• Seanchan is about 16,000 miles from the southern tip to the Mountains of Dhoom (named by Hawkwing’s armies) in the north—yes, the same mountain range that girdles the world on land and under the ocean.  The north of Seanchan is about 2,000 miles across at its widest, and there is a span of 6,000 miles at its widest in the south.
  • South of the known world is an island continent known only to the Sea Folk, but avoided by them, which they call “the Land of the Madmen.”  Its dimensions are about 3,000 miles (W-E) by 2,000 miles (N-S), with its southern coast less than 500 miles from the southern ice cap in places.  Some speculate on the resemblance of this continent, in all respects, to current-day Australia, but on this we have no opinion.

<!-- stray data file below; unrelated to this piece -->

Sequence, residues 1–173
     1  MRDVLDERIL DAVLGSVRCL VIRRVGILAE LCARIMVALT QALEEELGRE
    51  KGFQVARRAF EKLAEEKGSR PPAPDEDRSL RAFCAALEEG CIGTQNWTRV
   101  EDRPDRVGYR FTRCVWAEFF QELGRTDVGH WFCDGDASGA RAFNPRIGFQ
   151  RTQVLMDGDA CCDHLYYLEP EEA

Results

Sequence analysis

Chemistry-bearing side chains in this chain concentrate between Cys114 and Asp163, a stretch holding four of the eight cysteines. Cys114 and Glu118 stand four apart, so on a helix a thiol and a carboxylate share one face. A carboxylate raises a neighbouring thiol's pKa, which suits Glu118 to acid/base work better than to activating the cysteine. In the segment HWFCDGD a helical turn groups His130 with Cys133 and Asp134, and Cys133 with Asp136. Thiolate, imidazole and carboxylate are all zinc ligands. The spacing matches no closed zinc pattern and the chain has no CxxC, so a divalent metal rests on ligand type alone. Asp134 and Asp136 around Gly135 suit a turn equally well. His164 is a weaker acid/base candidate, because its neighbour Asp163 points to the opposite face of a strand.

“There are both northern and southern ice caps.  The southern ice cap completely covers whatever land is beneath it, and is larger than Antarctica.  The northern ice cap also stretches somewhat further south than in our world.”


Thank you for reading The Atlas of Ice and Fire. To help me provide better content, please consider contributing to my Patreon page and other funding methods, which will also get you exclusive content weeks before it goes live on my blogs.

A New Wheel of Time Map

Over a year ago I embarked on the Wheel of Time Atlas project, which unfortunately stalled due to dissatisfaction with the maps I was using. After some consideration I decided to redraw the main map at a much higher scale to make continuing that project easier. This has taken a while but has now been done.


A new map of the Westlands. Please click for a much larger version.